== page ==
Bremen, December 7, 2020. Series production of the satellites for the European Galileo navigation system has taken a major step forward: FM23 and FM24 have successfully completed environmental impact testing at the Space Research and Technology Center of the European Space Agency (ESTEC) in Noordwijk, Netherlands. The first two Batch 3 satellites are expected to be launched jointly from the Kourou Space Center in summer 2021.
Hot and cold: rigorous testing regime for FM23 and FM24
At ESTEC, the navigation satellites underwent extensive environmental impact testing, including a thermal vacuum test, in which the satellites have to prove themselves in a hot as well as icy-cold environment. This was followed by EMC (electromagnetic compatibility) and high-frequency tests. “The general aim was to demonstrate that the satellites can withstand the rigors of a rocket launch and the extreme conditions in orbit. During the launch phase, they are shaken vigorously and exposed to extreme noise. After an extensive stay in the test chambers, the satellites underwent final functional testing. For this purpose, each satellite is booted up and checked to determine whether it has successfully passed the test campaign and all systems are operating as they should,” explains Carlo Vasalli, the responsible head of the test campaign.
OHB & SSTL – a proven partnership over a period of thirteen years
Lars Peters, Galileo production manager at OHB, was very satisfied with the progress of the work in Bremen, where Batch 3 series production is in full swing despite the ongoing pandemic: “Several other satellites are ready and currently awaiting their imminent shipment to Noordwijk.” At the end of November, the final navigation payload for Batch 3 was delivered by SSTL, a partner with which OHB works. SSTL is responsible for engineering and assembling the navigation payloads based on European atomic clocks, navigation signal generators and high-performance traveling wave tube amplifiers. Integrating the payload is of crucial importance for the entire series production as well as for each individual satellite, because it is the “heart” of a satellite.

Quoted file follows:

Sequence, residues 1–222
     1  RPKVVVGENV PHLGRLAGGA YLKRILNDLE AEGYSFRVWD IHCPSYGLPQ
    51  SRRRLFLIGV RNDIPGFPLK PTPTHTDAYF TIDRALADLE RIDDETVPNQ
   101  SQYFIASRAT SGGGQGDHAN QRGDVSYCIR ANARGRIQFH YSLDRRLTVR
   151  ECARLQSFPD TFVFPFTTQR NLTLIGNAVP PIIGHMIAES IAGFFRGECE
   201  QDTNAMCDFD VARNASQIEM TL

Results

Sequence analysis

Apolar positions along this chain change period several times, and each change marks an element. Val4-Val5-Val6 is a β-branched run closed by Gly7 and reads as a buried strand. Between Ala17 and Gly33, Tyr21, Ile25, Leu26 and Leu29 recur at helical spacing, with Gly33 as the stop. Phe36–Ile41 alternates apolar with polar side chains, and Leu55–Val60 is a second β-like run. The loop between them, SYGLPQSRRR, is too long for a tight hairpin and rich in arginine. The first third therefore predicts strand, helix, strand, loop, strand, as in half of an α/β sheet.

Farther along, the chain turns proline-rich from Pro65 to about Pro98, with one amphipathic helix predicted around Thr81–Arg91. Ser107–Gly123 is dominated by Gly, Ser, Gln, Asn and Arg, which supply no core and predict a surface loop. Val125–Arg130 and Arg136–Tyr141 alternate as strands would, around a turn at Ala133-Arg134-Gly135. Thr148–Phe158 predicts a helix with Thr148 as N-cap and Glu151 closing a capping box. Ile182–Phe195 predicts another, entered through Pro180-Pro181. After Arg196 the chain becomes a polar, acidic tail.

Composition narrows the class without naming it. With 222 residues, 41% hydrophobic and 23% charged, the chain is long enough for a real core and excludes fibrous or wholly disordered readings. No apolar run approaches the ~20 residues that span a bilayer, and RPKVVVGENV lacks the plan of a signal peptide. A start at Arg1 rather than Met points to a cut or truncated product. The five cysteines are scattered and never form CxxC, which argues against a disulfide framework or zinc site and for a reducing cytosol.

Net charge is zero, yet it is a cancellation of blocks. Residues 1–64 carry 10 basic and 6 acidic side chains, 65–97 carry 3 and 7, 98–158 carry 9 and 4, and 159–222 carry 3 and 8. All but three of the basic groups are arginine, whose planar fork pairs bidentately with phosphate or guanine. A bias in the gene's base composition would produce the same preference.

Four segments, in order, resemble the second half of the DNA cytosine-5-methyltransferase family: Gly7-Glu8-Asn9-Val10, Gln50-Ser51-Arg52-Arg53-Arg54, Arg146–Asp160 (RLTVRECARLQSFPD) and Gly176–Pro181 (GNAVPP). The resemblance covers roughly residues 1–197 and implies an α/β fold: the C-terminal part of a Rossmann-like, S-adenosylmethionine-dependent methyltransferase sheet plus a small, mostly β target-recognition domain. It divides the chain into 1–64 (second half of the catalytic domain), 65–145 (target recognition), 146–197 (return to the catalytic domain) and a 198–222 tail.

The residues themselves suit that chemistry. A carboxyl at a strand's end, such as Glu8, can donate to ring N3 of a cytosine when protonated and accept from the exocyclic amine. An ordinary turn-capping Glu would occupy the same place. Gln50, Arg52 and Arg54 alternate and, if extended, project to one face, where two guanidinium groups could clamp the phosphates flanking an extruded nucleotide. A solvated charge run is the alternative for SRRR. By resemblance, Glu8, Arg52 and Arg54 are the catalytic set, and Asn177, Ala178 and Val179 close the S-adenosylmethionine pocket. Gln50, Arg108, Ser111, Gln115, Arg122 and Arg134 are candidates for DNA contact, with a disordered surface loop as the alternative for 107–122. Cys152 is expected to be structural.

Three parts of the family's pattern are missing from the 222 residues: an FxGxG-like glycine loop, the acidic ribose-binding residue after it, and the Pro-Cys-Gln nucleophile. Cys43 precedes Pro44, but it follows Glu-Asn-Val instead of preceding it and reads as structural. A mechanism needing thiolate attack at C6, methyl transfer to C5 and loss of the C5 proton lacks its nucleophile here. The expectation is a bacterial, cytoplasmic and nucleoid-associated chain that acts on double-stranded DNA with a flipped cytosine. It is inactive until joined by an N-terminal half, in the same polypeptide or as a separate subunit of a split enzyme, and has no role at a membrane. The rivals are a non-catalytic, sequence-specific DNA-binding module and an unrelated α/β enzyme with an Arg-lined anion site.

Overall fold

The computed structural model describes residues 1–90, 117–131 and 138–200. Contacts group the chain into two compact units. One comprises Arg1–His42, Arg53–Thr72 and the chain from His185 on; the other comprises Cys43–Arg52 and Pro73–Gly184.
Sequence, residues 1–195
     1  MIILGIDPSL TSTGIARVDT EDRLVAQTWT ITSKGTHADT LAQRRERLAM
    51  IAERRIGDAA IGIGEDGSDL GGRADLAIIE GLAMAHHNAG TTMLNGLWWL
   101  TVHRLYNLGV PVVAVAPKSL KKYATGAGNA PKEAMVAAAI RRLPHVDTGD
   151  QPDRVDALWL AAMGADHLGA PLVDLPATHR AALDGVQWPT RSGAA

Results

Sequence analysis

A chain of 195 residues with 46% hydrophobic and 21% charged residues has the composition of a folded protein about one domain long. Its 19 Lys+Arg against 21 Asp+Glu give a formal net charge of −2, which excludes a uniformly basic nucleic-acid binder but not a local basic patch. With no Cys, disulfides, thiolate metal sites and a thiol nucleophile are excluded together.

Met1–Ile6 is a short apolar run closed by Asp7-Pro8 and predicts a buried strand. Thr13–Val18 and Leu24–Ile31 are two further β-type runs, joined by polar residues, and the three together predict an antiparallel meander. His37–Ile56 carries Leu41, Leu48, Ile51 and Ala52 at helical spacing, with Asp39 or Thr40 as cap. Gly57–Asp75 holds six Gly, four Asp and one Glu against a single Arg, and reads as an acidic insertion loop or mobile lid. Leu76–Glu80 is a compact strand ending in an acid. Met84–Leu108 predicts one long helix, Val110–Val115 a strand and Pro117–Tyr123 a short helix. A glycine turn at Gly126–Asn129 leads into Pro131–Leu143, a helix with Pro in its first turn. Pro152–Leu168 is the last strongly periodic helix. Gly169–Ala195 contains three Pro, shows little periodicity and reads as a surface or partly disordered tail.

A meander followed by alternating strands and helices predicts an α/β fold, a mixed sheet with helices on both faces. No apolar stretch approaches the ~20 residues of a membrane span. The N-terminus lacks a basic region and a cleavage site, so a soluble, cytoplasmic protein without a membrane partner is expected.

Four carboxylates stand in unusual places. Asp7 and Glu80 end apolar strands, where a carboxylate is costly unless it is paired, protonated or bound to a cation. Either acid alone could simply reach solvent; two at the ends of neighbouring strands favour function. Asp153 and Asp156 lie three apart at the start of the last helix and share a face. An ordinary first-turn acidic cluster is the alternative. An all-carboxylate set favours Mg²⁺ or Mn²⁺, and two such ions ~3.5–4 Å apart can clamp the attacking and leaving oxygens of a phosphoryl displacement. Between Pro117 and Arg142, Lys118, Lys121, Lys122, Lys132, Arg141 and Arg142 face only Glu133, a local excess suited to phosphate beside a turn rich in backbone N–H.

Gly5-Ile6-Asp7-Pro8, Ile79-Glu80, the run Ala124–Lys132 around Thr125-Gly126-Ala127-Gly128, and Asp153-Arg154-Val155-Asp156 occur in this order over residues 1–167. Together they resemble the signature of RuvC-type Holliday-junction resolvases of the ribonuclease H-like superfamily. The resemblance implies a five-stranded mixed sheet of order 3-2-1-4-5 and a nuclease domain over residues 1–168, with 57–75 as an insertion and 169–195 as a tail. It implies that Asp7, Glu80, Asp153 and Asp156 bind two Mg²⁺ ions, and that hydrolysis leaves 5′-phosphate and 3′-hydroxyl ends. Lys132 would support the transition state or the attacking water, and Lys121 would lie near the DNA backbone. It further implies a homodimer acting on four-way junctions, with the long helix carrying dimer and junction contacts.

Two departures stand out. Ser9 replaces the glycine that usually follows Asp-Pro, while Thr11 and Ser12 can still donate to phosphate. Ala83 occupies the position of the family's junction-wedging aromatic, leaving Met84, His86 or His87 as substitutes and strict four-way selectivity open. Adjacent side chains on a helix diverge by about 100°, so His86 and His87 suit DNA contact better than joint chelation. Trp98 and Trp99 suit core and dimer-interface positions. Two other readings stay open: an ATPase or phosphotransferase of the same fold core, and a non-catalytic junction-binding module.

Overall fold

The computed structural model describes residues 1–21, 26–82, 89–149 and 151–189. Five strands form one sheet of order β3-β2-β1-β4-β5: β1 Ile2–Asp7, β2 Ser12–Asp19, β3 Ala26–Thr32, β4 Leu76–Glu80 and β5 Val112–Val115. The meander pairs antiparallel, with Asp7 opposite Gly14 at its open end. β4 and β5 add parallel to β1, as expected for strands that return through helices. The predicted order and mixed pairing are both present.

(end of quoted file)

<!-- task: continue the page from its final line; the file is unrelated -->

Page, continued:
Phil Brownnett, SSTL’s Managing Director, said: “SSTL has played a key role in the development of the Galileo programme since the launch of the GIOVE-A satellite in 2005 which secured the frequency filing for the constellation, and I am extremely proud of the expertise and dedication of our team in delivering a total of 34 navigation payloads for the first generation of Galileo satellites over the past 10 years. I wish to thank all our colleagues at OHB and ESA, and our payload subcontractors, who have worked with us as one team to deliver the Galileo constellation into service. ” In a statement marking the shipment of the final payload, Paul Verhoef, ESA Director of Navigation, congratulated SSTL, highlighting in particular “the commitment and professionalism that have made a substantial contribution to making Galileo a success story.”